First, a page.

Criteria for registration of “political” websites

I sought clarity from the Senior Minister of State, asking if overseas subscriptions or advertising would constitute “foreign funding”. He could only say that “there will be issues of advertising” and that MDA is still in discussions with The Independent about it.

Question Time in Parliament on 20 January 2014 saw a debate about the criteria for registration of websites with the Media Development Authority (MDA). MP for Sembawang GRC Vikram Nair had asked the Minister for Communications and Information what are the factors which the MDA takes into account in deciding which websites are required to register under the Broadcasting (Class Licence) Notification.

In his reply, Senior Minister of State (Communications and Information) Lawrence Wong cited a “longstanding principle” that foreign entities are not allowed to engage in Singapore politics and that “foreign interests should also not be allowed to control or worse, to manipulate our local media platforms which are prime vehicles for influence”.

He revealed that the Government was trying to prevent websites like The Independent, which he said engage in the “propagation, promotion or discussion of political or religious issues” and are structured as corporate entities, from receiving foreign funding, including foreign investments.

I sought further clarity from the Senior Minister of State, asking if overseas subscriptions or advertising would constitute “foreign funding”. He could only say that “there will be issues of advertising” and that MDA is still in discussions with The Independent about it.

The relevant transcript of the Parliament debate is below. The full transcript can be found here.

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Mr Gerald Giam Yean Song (Non-Constituency Member): Madam, to follow up on the earlier question, will foreign funding include subscriptions from overseas as well as advertising from overseas? He mentioned that advertising restrictions do not apply for the traditional media because they are subject to other regulations. But would it apply to online media as well for both subscriptions and advertising?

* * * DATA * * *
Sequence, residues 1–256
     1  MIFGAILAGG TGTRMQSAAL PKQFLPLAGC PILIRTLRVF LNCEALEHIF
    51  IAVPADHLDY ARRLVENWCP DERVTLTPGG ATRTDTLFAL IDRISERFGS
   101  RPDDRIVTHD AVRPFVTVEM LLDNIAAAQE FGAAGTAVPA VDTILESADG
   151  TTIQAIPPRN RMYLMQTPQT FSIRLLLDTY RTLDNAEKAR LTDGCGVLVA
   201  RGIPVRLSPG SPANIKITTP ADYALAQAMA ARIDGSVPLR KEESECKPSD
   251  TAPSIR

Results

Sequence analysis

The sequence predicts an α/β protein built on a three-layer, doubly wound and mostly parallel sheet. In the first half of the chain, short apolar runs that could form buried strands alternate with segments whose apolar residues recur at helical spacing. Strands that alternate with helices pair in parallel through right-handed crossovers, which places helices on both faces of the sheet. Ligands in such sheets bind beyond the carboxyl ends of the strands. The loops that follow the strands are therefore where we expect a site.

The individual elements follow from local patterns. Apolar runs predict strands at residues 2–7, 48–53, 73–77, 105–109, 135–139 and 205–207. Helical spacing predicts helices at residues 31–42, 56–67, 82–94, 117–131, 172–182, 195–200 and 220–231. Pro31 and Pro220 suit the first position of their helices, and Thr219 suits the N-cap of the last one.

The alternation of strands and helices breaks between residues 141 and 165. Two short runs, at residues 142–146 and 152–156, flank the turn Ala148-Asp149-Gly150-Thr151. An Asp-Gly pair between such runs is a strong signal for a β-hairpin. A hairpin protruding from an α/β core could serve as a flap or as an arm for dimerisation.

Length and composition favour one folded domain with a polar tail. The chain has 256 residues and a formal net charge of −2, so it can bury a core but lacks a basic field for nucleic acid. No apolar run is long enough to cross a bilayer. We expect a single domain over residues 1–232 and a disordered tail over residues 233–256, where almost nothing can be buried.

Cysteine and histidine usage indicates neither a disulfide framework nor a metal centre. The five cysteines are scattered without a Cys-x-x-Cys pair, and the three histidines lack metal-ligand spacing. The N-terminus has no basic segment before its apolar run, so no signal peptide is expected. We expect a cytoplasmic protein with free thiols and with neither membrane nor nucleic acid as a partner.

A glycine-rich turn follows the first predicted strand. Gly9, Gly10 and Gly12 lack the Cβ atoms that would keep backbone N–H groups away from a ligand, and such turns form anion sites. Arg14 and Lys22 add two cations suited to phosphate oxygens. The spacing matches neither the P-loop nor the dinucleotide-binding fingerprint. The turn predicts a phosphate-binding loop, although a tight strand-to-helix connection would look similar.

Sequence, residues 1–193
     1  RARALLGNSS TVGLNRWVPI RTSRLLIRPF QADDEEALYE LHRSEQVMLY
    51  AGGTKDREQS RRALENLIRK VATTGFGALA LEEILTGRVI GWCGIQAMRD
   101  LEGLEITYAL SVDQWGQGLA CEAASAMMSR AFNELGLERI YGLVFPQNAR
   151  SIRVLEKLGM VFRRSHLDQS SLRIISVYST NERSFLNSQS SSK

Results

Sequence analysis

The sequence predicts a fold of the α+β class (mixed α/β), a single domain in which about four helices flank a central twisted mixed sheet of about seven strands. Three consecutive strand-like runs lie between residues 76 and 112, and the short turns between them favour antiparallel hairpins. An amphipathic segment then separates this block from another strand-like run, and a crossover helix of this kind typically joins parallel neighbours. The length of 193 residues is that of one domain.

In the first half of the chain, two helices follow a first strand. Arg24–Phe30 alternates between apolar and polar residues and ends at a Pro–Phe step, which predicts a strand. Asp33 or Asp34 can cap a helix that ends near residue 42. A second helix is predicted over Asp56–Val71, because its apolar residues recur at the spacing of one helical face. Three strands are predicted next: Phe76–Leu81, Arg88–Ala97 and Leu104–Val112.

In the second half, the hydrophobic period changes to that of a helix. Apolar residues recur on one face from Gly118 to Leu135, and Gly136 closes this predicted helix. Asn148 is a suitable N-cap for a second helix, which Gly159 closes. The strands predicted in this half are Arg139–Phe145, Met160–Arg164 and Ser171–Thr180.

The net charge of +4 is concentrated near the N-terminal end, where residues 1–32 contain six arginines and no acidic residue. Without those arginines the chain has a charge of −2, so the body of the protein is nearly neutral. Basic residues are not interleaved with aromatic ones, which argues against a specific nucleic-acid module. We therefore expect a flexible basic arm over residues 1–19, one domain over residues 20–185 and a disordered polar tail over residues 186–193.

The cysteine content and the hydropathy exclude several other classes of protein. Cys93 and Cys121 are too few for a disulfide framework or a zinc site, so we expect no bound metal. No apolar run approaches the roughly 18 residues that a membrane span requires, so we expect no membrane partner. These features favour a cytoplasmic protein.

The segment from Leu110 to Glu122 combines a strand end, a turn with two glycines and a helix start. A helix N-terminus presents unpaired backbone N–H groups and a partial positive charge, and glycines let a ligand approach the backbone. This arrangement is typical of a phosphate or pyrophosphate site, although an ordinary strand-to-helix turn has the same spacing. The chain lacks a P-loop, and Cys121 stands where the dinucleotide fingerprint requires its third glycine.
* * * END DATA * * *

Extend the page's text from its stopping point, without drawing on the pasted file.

Mr Lawrence Wong (for the Minister for Communications and Information): I understand the restrictions will apply more in terms of the actual receipt of funding by the corporate entity to run its business but there will be issues of advertising, because if you look at Internet advertising, it is growing. And then the question would be where do you get these sources of revenue from. So that is something that MDA has been in discussion with The Independent, particularly in sorting out some of the implementation issues. But the main concern with foreign funding would apply, firstly, to receipt of funding by the corporate entity itself to run its business which, I think, the undertaking by these entities would then address, because then they would undertake not to receive foreign funding. On advertising itself, I think that is something that we have to discuss the specifics, because it is more complicated in the Internet world where you may have difficulties in tracking the source of funding. But that is something that they are working through in discussion, the details, between MDA and The Independent.

[Source: Singapore Parliament Reports]

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My thoughts on this issue were articulated during my recent Supper Club interview with the Straits Times, I had said this in response to a question from the reporter asking what I made of the moves by the Government to tighten the regulatory framework for websites:

I think the Government seems to be concerned about the influence of a few popular websites that might be able to sway public opinion. That’s why they feel a need to hold these websites “accountable”, so that they are kept in line to a certain extent. I feel that these restrictions on online websites are not a very productive use of Government resources. I think there are so many other things that the Government should be paying attention to, rather than spending so much time and energy and money on just regulating a few websites. What really are they so fearful about? Why can’t they just let Singaporeans decide what they want to read? Especially when it comes to news, why can’t they let Singaporeans decide what is the right news to read, rather than try to regulate every single channel of news?

Author: Gerald Giam

Gerald Giam is the Member of Parliament for Aljunied GRC. He is a member of the Workers' Party of Singapore. The opinions expressed on this page are his alone.

One thought on “Criteria for registration of “political” websites”

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